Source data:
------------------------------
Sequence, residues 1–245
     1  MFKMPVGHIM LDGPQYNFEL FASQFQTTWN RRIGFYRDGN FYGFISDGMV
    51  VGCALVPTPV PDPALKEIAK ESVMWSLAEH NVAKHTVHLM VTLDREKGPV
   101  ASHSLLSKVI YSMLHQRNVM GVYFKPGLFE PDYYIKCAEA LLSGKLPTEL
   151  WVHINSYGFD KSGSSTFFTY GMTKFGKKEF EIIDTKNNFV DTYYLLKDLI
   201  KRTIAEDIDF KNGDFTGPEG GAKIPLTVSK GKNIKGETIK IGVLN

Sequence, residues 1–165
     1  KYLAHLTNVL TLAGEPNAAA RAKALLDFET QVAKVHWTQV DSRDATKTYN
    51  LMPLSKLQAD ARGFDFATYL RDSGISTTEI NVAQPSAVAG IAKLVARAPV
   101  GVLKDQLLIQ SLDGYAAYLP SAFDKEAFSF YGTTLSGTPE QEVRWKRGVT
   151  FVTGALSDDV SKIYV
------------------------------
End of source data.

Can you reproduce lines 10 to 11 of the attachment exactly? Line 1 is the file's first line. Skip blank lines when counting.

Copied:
   101  GVLKDQLLIQ SLDGYAAYLP SAFDKEAFSF YGTTLSGTPE QEVRWKRGVT
   151  FVTGALSDDV SKIYV